I was dancing by the river and lost an earring but didn’t realise until I was back at my slab hut.
I mentioned it to Smithy and he said he’d keep an eye out for it. Well, he arranged a metal detector, found the earring, put it on a bus to the town I’d moved on to, and had the driver find me to hand it over. That sums up the hospitality in these parts.
‘These parts’ is Outback Queensland. Way out back: two and a half hours’ flight or two days’ drive from Brisbane. Lots of people drive motorhomes to Longreach but we flew and stayed in beautiful little slab huts made in the spirit of shearing quarters, with corrugated iron on their roofs and gaps in their planks to let starlight shine through.
‘These parts’ are good at stars. The night of the dancing and the lost jewellery, Smithy gave us a ride back to the huts. He swerved out into the empty edges of town, had us stand out in the night and look up and out at a zillion stars shining more clearly, surely, than anywhere else on the planet.
Longreach is good at drought, too. When we visit, there’s been no rain to speak of for several years. Struggling farmers have become tourism entrepreneurs.
Among them, the Kinnon family, who built the slab huts, hosted us on the river banks for a meal and a show one night, and also run the Cobb & Co experience in town. That involves exhilarating horse-drawn carriage rides, a ‘tent show’ and tea served with scones by folk dressed in old time finery.
Dusty horses and a little blue heeler watch us eat.
Even in the shade it is mighty hot. The show only runs between April and October – after that, it gets too hot.
Two evenings, looking for a breeze, we spend on the river, although it’s not really a river. It’s a waterhole. Along its banks are eucalyptus, river tea trees, knotweed. Wildlife watchers love this part of the country with its kangaroos, turtles and many bird species. We drive across the floodplain where dried-up streambeds wait for rain.
Farmers have stopped waiting.
We drive along a skinny road; whenever someone bigger than us comes toward us, we pull right off the road to avoid getting a stone through the windscreen.
We pass tough, cloudy gidgee trees. We cross a cattle stop and without any change in the landscape, we’re, apparently, on Strathmore Station, home of the Pierce family.
To supplement the business of keeping the farm going, Maree and Bevin let nosy tourists like us take a look around, have a chat with them and share a cuppa in their homestead. We drive around the property, marvel at its flatness and sameness. It is alarmingly dry. There is beauty though, in the muted colours. The station has around 70,000 acres all up and used to run 12,000 sheep and 2000 cattle, but today there are 60 sheep and four horses. Maree is thinking of moving the horses off.
She talks matter-of-factly about the hard times. You can’t take on this sort of land without an above-average quota of stoicism.
We visit the Stockman’s Hall of Fame. Busy with old tools and saddles, Flying Doctor displays, stories of heroes and settlers, wagons and huts, buggies and wool presses, images and stories of Australian bush stations. There is also a relatively new archive of interviews with indigenous stockmen and women; one of them talks poignantly about the Akubra hat being worn like a crown.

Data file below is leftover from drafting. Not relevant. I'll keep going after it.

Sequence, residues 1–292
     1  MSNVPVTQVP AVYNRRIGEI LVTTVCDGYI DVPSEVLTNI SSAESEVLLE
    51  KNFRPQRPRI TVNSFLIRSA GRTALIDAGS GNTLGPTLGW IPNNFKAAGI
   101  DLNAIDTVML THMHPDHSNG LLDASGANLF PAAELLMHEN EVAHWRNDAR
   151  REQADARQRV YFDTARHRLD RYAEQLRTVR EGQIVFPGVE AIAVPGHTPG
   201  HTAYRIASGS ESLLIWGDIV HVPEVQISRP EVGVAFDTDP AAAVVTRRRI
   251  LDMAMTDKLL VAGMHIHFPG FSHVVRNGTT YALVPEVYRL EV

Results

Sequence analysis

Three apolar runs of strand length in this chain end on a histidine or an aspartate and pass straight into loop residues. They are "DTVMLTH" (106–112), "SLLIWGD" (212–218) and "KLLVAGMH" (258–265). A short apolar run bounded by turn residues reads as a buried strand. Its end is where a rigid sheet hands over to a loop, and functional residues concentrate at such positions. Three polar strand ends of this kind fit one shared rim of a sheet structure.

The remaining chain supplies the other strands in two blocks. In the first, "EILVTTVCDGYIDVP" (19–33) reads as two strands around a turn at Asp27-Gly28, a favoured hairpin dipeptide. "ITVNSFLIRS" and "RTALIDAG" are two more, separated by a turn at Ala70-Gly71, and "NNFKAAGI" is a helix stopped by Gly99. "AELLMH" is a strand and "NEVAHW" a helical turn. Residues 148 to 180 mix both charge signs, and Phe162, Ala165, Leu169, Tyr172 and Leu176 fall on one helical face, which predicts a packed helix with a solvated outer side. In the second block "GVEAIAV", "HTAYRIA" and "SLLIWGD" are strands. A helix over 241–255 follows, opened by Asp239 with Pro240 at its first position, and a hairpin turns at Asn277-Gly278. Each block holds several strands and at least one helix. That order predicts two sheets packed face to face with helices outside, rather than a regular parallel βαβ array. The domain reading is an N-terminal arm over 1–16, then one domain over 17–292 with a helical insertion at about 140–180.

We travel to Winton in time for an evening tour to the ‘jump up’ to toast the sunset. It is reminiscent of Picnic at Hanging Rock.
The red sky streaks across the wide horizon, unhindered; the messa is bone pale, stark and mildly spooky.
From Winton we join a tour to Lark Quarry for the day, to see dinosaur footprints. Yes, dinosaur footprints. The theory is that there was a stampede by four or five species of dinosaur on this spot and, soon after, a geological event which captured the prints in mud, preserving them. Today, 95 million years later, we get to peer over the handrail of a walkway built around a covered area the size of a netball court; it’s incredible.
The landscape is surprising, too. I relax in the tour bus and watch it change from flat and bare, to undulating and covered in grey-blue foliage. Sometimes there is dusty orange dotted with tall, tortured trees, sometimes the view is filled with low, brushy bushes. Pale yellow swirls of mud are edged with red.
As far as the eye can stretch it’s a crusty pan with a silvery skin, baked tight. But it’s not dead land, not at all. It’s dry and drained and hard, but under the surface is seed and up the sucked-in trees is a clever preservation system at work. Once it rains, it will spring back; it is energetic land, merely hibernating.
We finally get to the Australian Age of Dinosaurs, where dug-up dinosaur bones are exhibited and analysed. They’ve been finding bones here since the 1930s. In the lab, photos show the enthusiasts at work, their wiry bodies shaded by hats, bent over unbelievable bones, including some so big they took three years to dig up.
Every year the team here undertakes a three-week dig which amateur palaeontologists can join in on, paying to learn preservation techniques and then helping with the careful business of retrieving bones. This world of real science is irresistible to certain types of people.
Those who like to shop, indulge in wine tasting or lounge about by pools might not warm to this place. But for those who like to learn as they go – exploring the bush and outback farms, visiting Longreach’s Qantas Founders’ Museum, seeing dinosaur bones up close and, in Mt Isa, going underground for a taste of being in a mine – this territory offers a lot. Plus, they’ll have the company of welcoming, loquacious, generous locals.